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Strategies for successful engagement of African American landowners in forestry

Formally Refereed
Authors: John Schelhas, Sarah Hitchner, Puneet Dwivedi
Year: 2018
Type: Scientific Journal
Station: Southern Research Station
Source: Journal of Foresstry


Engaging African American landowners in forestry has been an enduring challenge because of historical discrimination, ownership issues such as heirs’ property, lack of experience with, and distrust of, the forestry profession, limited use of technical and financial assistance, and difficulties and predatory practices associated with harvesting timber. The Sustainable Forestry and African American Land Retention Program has achieved success through eight long-term, community-based projects in seven states in the US South. We conducted qualitative research with a diverse range of participants and stakeholders in the three longest-running projects to identify lessons for success. These lessons include addressing obstacles and constraints identified by prior research, establishing communitybased networks to provide coordinated education and outreach, linking legal assistance for heirs’ property with forestry assistance, patiently engaging landowners through a process of forestry awareness and action, and resolving difficulties and maintaining momentum with regular feedback and problem solving.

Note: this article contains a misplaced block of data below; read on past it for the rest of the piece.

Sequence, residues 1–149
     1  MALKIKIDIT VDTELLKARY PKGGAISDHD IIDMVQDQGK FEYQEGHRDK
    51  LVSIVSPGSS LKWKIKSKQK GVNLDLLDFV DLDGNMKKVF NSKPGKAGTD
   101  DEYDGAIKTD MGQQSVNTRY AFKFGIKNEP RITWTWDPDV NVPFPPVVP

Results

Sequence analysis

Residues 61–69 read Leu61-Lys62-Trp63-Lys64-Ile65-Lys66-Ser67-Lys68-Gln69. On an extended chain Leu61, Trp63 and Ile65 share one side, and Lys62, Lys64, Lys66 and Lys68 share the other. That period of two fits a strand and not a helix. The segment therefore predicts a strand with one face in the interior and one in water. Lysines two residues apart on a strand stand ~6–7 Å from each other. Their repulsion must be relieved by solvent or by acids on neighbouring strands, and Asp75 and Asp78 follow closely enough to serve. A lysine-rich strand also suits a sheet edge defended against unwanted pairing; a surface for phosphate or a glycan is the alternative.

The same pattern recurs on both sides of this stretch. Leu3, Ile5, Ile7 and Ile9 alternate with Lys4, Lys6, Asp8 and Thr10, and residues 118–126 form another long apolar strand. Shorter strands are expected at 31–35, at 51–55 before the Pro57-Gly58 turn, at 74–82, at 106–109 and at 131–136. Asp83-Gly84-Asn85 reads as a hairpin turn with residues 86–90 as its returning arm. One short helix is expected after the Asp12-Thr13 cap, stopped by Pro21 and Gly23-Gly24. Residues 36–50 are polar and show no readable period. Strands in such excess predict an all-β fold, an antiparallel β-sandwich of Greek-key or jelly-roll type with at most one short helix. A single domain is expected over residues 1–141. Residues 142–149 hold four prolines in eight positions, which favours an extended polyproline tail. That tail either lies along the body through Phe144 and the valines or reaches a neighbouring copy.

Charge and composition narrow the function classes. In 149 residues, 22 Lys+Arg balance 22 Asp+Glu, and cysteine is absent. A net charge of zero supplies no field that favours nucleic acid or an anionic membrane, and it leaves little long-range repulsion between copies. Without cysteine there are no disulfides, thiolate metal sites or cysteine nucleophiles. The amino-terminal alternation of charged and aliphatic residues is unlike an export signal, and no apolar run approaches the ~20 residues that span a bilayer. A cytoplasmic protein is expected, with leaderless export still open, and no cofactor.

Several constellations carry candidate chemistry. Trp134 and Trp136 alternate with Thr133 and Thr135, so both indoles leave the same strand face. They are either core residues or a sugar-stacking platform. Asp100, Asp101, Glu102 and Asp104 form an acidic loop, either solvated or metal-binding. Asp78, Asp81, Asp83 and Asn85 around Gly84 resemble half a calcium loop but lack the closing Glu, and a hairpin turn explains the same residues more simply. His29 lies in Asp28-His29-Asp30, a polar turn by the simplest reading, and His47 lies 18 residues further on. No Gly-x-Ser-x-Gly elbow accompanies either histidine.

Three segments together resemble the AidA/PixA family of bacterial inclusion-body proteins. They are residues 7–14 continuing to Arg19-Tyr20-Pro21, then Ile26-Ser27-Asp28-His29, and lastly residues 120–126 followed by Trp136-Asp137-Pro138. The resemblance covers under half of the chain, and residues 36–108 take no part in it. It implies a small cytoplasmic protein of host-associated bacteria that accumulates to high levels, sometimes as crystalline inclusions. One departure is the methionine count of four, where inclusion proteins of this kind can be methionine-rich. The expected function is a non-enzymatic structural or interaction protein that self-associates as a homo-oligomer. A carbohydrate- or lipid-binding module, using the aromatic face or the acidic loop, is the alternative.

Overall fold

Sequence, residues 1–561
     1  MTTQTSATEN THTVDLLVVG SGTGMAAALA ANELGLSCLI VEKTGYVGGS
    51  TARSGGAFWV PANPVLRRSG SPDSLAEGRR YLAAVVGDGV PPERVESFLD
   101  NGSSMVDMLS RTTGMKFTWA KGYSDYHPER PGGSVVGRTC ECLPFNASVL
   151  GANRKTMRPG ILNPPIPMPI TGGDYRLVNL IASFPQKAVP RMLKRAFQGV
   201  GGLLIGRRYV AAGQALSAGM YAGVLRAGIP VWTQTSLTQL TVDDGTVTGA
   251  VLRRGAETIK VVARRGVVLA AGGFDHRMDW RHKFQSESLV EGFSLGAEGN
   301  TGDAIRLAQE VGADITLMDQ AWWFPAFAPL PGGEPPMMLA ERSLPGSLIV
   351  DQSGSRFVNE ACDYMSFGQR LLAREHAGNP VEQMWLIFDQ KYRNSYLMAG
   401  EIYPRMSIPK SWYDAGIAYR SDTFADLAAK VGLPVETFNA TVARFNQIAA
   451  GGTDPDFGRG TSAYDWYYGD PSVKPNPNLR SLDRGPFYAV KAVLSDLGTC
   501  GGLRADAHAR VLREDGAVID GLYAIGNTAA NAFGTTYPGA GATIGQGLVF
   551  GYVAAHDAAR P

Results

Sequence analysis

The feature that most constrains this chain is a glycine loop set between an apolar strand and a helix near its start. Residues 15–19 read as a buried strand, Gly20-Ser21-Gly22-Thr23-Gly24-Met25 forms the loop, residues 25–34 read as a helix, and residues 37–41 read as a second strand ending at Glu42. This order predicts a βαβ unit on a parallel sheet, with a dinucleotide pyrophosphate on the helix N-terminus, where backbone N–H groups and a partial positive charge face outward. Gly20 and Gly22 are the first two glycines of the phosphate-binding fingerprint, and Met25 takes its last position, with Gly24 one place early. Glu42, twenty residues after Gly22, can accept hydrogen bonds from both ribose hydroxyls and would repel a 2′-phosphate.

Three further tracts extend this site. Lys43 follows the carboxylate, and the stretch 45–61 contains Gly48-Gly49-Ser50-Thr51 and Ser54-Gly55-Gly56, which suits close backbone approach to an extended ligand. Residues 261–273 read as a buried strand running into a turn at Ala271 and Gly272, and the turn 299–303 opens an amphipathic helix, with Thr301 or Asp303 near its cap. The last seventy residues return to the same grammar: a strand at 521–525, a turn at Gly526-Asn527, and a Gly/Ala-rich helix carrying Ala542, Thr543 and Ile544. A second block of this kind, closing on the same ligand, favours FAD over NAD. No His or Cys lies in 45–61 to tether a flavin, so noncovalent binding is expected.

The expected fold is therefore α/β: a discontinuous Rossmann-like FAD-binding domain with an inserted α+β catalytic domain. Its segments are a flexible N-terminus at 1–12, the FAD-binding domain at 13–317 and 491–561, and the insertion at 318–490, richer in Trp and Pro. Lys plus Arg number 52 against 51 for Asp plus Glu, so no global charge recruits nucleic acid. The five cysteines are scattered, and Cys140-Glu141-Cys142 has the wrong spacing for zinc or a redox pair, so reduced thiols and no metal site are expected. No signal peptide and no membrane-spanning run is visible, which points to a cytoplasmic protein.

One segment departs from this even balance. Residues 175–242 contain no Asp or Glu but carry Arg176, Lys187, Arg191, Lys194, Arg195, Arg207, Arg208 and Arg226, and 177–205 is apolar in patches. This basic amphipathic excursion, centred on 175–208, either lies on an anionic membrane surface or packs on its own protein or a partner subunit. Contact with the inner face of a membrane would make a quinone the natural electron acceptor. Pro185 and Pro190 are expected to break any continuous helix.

minority forest owners, outreach and extension, family forestry.


Schelhas, John; Hitchner, Sarah; Dwivedi, Puneet. 2018. Strategies for successful engagement of African American landowners in forestry. Journal of Forestry. 116(6):581-588.